Where the re-definition of an existing road indicates differences with the original survey, it will be necessary to either:
- dedicate the site of the new road to the public and close the original road or
- redefine in a survey plan of redefinition the position of the road - see ss.18-21Roads Act 1993.
The intention of sections 18-21 Roads Act 1993 is to relocate public roads or Crown reserved roads if those boundaries have not previously been identified or if the survey marks used to identify those boundaries cannot be located or ascertained. The following principles apply:
- The road must be constructed and in use and the new definition must approximate the position of the original road ie the new definition must connect the same sides of the parcel and must not vary in other directions.
- The provisions cannot be used to create new roads or extend existing roads. All new roads must be opened in the usual manner pursuant to Sections 9 & 10 Roads Act 1993.
- The position of the existing road must not be able to be determined from the original plans (either due to poor marking or to no road traverse being shown on the original Crown plan). If the original Crown portion plan does define the reserved road by traverse, Sections 18-21 do not apply, and any inconsistency between the definition as set out in the traverse and the road as actually constructed may only be resolved by standard road opening and closure procedures.
- The reserved road must be internal to the parcel. The redefinition of the road must not redefine any exterior boundaries of the parcel or the boundaries of the adjoining parcels.
- The redefined road may be variable width in lieu of, for example 20.115 wide. It is standard practice for the surveyor to adopt the lines of existing occupations to define each side of the redefined road and this inevitably results in the new road definition being variable width. However the new definition should not significantly reduce the width of the road or encroach onto adjoining occupations.
The roads authority must give public notice of the proposed boundaries of the road and consider any submissions made prior to the final approval of the plan.
After the plan has been approved by the roads authority it must be lodged as a deposited plan in NSW LRS. The plan should be accompanied by evidence indicating that the requirements set out in ss.18-21 Roads Act 1993 have been satisfied. Following registration the boundaries shown on the plan are accepted as the correct boundaries of the public road.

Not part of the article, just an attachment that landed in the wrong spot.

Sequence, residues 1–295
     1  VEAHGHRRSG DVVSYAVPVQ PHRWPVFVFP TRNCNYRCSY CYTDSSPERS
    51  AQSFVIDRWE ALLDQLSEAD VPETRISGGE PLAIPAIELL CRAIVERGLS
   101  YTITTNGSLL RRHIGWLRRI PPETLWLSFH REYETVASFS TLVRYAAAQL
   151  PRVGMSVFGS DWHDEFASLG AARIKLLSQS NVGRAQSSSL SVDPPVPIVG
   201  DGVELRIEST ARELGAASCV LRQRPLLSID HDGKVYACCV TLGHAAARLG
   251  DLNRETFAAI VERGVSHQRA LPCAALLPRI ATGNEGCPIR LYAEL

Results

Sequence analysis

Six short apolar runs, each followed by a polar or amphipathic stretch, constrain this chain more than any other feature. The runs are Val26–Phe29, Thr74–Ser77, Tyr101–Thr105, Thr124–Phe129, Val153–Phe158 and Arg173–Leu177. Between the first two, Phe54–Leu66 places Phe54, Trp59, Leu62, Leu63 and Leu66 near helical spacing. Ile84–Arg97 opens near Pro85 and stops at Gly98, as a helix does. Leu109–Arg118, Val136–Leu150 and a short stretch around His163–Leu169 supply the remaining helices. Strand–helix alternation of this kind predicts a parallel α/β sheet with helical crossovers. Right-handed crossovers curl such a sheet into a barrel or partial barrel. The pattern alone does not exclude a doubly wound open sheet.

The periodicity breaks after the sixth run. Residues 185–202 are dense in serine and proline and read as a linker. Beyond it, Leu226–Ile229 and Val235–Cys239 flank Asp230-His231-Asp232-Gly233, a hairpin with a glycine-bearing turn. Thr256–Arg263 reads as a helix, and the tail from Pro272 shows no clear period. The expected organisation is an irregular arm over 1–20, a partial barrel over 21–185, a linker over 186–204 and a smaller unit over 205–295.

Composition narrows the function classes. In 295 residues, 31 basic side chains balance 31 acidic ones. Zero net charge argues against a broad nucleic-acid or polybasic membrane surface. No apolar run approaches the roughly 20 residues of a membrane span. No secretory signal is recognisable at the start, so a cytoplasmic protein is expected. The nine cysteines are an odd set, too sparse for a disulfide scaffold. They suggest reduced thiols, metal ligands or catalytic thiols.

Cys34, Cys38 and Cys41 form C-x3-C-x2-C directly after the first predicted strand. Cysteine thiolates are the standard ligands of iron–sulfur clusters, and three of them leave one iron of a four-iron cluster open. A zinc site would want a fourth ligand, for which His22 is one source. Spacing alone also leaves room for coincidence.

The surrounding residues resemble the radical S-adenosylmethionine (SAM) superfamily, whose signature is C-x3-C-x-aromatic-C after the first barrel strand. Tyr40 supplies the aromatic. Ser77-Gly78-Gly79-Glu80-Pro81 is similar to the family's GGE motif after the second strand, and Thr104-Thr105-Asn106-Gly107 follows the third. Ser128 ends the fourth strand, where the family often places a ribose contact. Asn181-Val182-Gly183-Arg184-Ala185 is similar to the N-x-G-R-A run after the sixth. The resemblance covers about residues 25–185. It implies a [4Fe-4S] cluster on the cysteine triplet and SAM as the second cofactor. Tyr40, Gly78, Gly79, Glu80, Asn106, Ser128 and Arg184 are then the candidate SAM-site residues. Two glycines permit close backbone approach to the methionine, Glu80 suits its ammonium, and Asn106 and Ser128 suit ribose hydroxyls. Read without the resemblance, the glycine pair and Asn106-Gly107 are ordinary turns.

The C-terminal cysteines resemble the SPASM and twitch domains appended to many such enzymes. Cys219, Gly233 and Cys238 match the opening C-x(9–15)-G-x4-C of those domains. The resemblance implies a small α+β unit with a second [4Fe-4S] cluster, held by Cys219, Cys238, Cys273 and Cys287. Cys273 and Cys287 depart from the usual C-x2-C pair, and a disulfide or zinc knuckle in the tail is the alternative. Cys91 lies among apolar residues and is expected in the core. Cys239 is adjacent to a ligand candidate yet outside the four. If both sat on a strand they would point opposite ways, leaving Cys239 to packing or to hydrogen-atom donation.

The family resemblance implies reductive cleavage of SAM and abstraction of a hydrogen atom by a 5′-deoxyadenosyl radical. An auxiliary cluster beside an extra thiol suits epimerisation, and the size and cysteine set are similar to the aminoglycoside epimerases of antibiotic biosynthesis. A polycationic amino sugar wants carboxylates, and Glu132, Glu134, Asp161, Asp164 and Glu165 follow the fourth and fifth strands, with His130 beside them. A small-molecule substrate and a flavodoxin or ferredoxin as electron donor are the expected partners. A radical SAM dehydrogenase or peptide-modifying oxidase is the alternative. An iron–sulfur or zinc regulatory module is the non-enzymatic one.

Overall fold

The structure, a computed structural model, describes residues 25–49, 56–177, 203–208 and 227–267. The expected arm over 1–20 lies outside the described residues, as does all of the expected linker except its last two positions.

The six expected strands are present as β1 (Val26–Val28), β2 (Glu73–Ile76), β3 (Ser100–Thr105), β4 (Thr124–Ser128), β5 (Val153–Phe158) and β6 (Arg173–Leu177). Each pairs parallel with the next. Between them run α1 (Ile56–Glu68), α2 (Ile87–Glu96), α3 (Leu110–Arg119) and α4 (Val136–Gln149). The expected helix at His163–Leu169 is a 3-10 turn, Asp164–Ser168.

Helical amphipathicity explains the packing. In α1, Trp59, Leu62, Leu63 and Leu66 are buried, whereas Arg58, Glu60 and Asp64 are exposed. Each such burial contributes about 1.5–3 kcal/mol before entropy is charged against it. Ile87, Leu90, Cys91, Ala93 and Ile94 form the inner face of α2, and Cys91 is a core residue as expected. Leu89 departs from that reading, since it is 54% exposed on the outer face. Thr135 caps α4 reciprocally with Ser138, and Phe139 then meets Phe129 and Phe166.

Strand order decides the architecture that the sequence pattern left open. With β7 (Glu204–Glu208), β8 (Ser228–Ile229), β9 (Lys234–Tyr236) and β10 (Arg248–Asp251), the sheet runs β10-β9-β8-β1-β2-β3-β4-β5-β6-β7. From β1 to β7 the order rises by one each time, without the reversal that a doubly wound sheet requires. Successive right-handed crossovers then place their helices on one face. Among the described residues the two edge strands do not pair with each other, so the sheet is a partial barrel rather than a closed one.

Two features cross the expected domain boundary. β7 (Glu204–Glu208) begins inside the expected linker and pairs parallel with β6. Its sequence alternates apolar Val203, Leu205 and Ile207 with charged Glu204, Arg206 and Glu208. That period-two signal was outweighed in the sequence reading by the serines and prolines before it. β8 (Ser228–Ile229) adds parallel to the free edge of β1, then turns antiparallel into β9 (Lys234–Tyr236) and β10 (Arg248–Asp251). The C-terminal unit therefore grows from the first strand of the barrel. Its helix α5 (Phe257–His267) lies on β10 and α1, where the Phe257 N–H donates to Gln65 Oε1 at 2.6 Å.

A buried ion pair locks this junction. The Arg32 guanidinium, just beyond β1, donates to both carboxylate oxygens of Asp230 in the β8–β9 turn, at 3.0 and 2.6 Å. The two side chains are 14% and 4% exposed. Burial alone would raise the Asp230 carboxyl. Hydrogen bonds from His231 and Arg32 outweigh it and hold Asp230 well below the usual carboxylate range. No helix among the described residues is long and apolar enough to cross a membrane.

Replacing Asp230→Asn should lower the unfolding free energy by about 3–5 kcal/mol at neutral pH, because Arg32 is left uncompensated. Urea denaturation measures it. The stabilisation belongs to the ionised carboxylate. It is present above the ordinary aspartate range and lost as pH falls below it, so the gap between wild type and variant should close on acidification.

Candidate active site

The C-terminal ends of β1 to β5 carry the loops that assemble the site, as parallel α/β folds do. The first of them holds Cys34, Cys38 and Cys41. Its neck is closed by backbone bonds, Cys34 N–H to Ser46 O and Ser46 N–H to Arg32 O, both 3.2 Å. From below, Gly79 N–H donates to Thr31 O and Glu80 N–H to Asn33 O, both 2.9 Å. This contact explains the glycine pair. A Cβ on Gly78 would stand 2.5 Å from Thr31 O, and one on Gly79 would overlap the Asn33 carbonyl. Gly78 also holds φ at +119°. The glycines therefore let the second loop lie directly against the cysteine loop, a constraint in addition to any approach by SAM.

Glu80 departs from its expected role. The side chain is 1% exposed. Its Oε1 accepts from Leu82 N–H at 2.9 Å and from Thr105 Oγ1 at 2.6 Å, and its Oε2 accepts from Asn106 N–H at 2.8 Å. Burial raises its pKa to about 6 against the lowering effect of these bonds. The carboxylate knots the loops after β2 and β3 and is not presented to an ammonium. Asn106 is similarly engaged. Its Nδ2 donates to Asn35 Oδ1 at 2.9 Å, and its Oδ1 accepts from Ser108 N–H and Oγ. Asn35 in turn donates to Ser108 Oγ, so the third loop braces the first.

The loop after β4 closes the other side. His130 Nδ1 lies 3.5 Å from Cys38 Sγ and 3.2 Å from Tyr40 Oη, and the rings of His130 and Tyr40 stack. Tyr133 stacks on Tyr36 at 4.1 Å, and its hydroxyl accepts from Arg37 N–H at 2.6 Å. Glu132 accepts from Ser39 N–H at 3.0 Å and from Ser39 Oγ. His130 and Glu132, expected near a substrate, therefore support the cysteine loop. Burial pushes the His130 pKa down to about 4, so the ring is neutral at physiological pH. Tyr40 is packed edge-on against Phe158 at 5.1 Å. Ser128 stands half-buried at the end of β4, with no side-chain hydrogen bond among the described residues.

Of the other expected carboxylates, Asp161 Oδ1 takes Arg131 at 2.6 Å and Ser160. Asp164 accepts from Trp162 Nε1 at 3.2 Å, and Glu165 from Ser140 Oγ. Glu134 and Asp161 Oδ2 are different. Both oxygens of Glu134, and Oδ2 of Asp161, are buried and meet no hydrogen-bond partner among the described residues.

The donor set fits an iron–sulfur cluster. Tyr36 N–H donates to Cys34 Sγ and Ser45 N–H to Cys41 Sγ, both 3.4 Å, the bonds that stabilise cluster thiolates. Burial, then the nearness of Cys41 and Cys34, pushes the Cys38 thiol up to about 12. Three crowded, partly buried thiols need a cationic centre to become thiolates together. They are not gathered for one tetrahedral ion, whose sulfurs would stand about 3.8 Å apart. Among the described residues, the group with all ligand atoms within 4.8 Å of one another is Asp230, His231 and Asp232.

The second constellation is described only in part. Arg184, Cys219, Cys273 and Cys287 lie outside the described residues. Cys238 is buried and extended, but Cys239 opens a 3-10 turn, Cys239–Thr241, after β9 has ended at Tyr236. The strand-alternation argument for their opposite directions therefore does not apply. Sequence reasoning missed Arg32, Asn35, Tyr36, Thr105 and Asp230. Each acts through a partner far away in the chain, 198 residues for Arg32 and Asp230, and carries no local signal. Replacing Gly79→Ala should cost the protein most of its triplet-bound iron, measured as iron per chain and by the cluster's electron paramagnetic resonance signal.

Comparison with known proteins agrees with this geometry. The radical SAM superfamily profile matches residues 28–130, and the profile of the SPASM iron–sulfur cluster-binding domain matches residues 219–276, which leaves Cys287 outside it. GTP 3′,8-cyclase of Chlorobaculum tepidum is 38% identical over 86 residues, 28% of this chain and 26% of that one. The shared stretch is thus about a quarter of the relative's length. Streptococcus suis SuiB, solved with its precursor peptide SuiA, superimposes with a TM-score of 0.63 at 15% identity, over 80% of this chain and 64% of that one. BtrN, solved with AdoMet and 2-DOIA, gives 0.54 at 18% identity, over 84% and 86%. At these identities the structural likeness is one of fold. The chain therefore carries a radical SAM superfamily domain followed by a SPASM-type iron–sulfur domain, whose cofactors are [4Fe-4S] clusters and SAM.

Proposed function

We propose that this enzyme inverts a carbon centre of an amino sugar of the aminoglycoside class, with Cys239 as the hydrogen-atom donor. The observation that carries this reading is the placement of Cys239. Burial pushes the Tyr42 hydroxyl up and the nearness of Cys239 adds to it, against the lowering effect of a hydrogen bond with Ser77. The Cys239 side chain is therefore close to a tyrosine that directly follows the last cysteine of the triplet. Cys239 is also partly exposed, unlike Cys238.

Following registration the roads authority must:
- serve notice on the owner(s) of any adjoining parcels affected by the new road definition, and
- lodge a copy of the plan with the Valuer General, and the relevant council if that council is not the roads authority.
Any new deposited plan defining a road pursuant to Sections 18-21 Roads Act must comply with the following:
Evidence must be supplied indicating that the requirements set out in sections 18-21 have been satisfied. This is usually in the form of a statement endorsed on the plan:
The plan complies with the provisions of Clauses 18-21 Roads Act 1993
Authorised officer of ........Council pursuant to a
resolution of council dated .........
This evidence may also be in the form of a statutory declaration supplied by the road authority.
The heading of the plan should refer to:
Plan of road definition under Clauses 18-21 Roads Act 1993.
No subdivision certificate is required (as the plan only redefines the position of the existing road).
The signatures of all affected parties should be endorsed on the plan.
Act IV William IV roads
Where a road in a new plan is defined in a position which differs significantly from the plotted position as shown in the plan which confirmed the road under Act 4 William IV No.11, the following will be considered:
- the position of the ends of the road (as now defined) at the parcel boundaries in relation to the original road position
- continuity with roads in adjoining parcels and
- the road in use approximates the position of the existing road.
Note Where the land on opposite sides of the road is not in the same ownership, all affected owners should agree to the definition of the road.